HomeWinBuzzer NewsAdobe PDF Integration Comes to Office 365, Expands Microsoft/Adobe Relationship

Adobe PDF Integration Comes to Office 365, Expands Microsoft/Adobe Relationship

The expanding collaboration between Microsoft and Adobe will see Adobe PDF come to Office 365 as part of the wider Document Cloud suite.


and are extending their ever-growing partnership. The two companies have announced the integration of Adobe PDF into . This collaboration means Adobe's service will be located in the ribbon for web versions of Word, Excel, and PowerPoint for Office 365 subscribers.

As a PDF management tool, Adobe PDF will bring more document control to users. For example, it can convert documents into PDF format. This is important because it maintains formatting, layouts, and other details while converting the file type.

PDF support is part of Adobe's wider Document Cloud service, which is now part of Office 365. We have previously reported on Adobe Sign integration across Microsoft Teams and other services in Office.

The service is now the e-signature of choice for Office 365, while Microsoft Teams workplace chat platform will be Adobe's preferred service for its Creative Cloud, Document Cloud, and Experience Cloud services.

While PDF integration is coming to the core Office apps, OneDrive and SharePoint will also receive the additional support.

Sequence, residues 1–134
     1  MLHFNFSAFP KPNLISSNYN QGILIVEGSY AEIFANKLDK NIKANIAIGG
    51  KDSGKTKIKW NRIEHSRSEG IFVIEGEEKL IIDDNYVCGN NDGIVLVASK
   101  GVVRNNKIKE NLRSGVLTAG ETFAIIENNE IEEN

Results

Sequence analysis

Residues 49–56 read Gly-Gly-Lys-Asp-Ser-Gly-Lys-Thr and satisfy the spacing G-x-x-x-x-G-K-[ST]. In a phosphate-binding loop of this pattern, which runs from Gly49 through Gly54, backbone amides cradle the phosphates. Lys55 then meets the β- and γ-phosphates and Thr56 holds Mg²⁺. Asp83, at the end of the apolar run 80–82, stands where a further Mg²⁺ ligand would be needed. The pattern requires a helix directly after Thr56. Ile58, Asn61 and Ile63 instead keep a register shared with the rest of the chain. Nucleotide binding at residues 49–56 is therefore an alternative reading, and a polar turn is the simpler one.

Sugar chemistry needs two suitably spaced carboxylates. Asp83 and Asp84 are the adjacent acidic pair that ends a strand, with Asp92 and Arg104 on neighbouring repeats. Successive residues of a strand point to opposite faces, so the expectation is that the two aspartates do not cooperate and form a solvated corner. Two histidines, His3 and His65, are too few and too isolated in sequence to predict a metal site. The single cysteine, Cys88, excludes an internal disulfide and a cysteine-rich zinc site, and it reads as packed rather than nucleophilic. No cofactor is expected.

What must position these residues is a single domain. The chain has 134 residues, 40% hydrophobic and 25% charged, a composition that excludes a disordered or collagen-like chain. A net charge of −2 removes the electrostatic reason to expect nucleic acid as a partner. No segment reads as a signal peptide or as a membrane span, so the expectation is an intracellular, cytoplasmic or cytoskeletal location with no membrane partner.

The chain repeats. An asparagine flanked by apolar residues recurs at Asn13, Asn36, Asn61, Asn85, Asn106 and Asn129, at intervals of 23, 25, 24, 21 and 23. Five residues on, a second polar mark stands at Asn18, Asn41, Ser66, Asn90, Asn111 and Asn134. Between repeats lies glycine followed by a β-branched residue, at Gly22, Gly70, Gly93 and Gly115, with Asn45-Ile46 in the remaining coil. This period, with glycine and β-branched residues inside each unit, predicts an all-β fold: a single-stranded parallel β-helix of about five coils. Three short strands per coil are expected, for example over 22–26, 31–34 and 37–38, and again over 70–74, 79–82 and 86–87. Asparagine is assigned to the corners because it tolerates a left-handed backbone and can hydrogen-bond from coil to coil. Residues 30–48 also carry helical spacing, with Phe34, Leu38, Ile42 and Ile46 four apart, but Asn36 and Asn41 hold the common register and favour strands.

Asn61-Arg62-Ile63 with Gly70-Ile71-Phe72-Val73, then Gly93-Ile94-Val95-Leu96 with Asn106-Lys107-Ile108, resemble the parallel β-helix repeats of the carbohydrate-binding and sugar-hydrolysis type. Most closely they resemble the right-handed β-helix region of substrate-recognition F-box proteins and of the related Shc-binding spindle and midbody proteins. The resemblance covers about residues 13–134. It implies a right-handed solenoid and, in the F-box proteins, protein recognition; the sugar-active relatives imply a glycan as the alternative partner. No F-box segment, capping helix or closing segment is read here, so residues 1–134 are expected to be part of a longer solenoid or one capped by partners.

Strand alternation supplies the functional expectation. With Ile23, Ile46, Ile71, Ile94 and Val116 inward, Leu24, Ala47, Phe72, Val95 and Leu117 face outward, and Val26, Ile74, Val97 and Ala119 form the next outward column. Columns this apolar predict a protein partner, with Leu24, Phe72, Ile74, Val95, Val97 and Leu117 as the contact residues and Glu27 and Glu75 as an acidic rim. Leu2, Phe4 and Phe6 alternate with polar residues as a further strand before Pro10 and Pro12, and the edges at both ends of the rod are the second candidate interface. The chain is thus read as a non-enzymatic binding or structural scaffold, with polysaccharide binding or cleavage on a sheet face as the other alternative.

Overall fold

Office Update

The news comes just after Microsoft announced a redesign of Office, which Adobe PDF will be part of. To help ensure this, Microsoft worked to a guideline it calls “The Three Cs”. These principles are detailed in the announcement as such:

“Customers—We're using a customer-driven innovation process to co-create the design of the Office apps. That process consists of three phases: initial customer research and analysis; concepting and co-creation; and validation and refinement.

Context—Customers love the power of Office, but they don't need every feature at the same time. We want our new designs to understand the context that you're working in, so you can focus on the job at hand. That means surfacing the most relevant commands based on the work you're doing and making it easy to connect and collaborate with others.

Control—We recognize that established skills and routines are powerful—and that the way someone uses the apps often depends on specific parts of the user interface. So we want to give users control, allowing them to toggle significant changes on and off.”

Luke Jones
Luke Jones
Luke has been writing about all things tech for more than five years. He is following Microsoft closely to bring you the latest news about Windows, Office, Azure, Skype, HoloLens and all the rest of their products.

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